In short, if there ever was a candidate for military intervention on humanitarian grounds, it’s North Korea. Of course, any sort of military intervention in North Korea—whether on humanitarian grounds or on national-security grounds—would trigger Korean War II.

That brings us back to the NSC’s push for military options.

“North Korea’s reckless pursuit of nuclear missiles,” the president warned, “could very soon threaten our homeland.” In fact, CIA Director Mike Pompeo has said Pyongyang could have “the ability to deliver a nuclear weapon to the United States in a matter of a handful of months.”

Noting that “complacency and concessions only invite aggression and provocation,” Trump vowed during his State of the Union address, “I will not repeat the mistakes of past administrations that got us into this dangerous position.”

Put it all together, and Trump’s comments on North Korea sound like a bill of indictment against Pyongyang—and an argument for military action. Indeed, one is left with the sense that if there is a Korean War II, Otto Warmbier may be remembered as the war’s first casualty.

It pays to recall that Trump’s words are part of a larger train of events that seems to be moving toward war.

In December, Defense Secretary James Mattis told a unit of Army soldiers, “Storm clouds are gathering” over the Korean Peninsula. “There is very little reason for optimism,” he said, adding that there are contingency plans to evacuate U.S. dependents “on very short notice.” On the very same week, Marine Corps Commandant Gen. Robert Neller warned his men, “I hope I’m wrong, but there’s a war coming.”

Upon returning from Korea last month, Sen. Tammy Duckworth—a disabled combat veteran of the Iraq War—ominously reported, “Americans simply are not in touch with just how close we are to war on the Korean peninsula.”

In September, Mattis warned Pyongyang that “Any threat to the United States or its territories, including Guam, or our allies will be met with a massive military response.” And in August, Trump declared that North Korea’s threats “will be met with fire and fury like the world has never seen.” 

More worrisome, these words are just background noise to the military moves and countermoves at play on and around the Korean peninsula: spasms of North Korean missile tests; the deployment of three U.S. aircraft carriers to the region; high-profile flights of U.S. bombers over the peninsula; U.S., ROK and Japanese warplanes conducting joint maneuvers; U.S. ground units training in tunnel warfare; missile-evacuation drills in Japan; Washington agreeing to Seoul’s request for the stationing of “strategic assets” (long-range heavy bombers, stealth aircraft, submarines and/or aircraft carriers) in South Korea.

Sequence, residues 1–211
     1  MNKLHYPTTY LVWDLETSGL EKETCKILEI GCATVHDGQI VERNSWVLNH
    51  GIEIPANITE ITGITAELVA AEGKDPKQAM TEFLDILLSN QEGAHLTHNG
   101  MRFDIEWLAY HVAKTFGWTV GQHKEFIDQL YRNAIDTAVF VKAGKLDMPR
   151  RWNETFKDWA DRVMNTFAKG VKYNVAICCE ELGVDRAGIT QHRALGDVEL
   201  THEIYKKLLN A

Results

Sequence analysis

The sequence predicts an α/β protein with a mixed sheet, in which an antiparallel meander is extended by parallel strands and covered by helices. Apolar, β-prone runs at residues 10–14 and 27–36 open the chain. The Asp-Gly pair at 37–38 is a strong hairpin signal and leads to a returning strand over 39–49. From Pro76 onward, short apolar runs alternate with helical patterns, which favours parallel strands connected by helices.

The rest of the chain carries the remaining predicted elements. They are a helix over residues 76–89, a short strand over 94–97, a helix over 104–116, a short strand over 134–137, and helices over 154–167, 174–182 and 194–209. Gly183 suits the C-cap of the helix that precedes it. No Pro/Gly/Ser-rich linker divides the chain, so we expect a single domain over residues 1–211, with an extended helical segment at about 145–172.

The toll from Korean War I should give us pause: 38,000 Americans, 103,000 South Koreans, 316,000 North Koreans, 422,000 Chinese, some 2 million civilians killed during three years of conventional warfare. Today, we have the specter of a mushroom cloud hanging over the sequel.

North Korea deploys 13,600 artillery pieces/rocket-launch systems, 4,100 tanks, 730 warplanes and hundreds of missiles. It’s expected that every third round fired from North Korea’s vast artillery fields would be a chemical weapon. Seoul would bear the brunt of the blow. With its 10 million residents, Seoul sits just 35 miles from the DMZ. Even a short war, even a conflict contained to the peninsula, even a preemptive strike that gets “most” of Kim’s nuclear, rocket and artillery capabilities would trigger something brutal and bloody for both sides. The Pentagon has projected more than 200,000 U.S.-ROK military casualties in the first 90 days, plus hundreds of thousands of civilian casualties. As Joint Chiefs Chairman Gen. James Dunford observes, Korean War II would be “horrific…a loss of life unlike any we have experienced in our lifetimes.” Such a war would give new meaning to the term “Pyrrhic victory.”

All of this explains why the measure of success in Korea for U.S. presidents is simply getting through another day, another year, another term without another war. It’s a low bar, to be sure. But given what Korean War II would look like, it’s a worthy goal.

Alan W. Dowd is a senior fellow with the Sagamore Institute, where he heads the Center for America’s Purpose. A version of this essay appeared in Providence.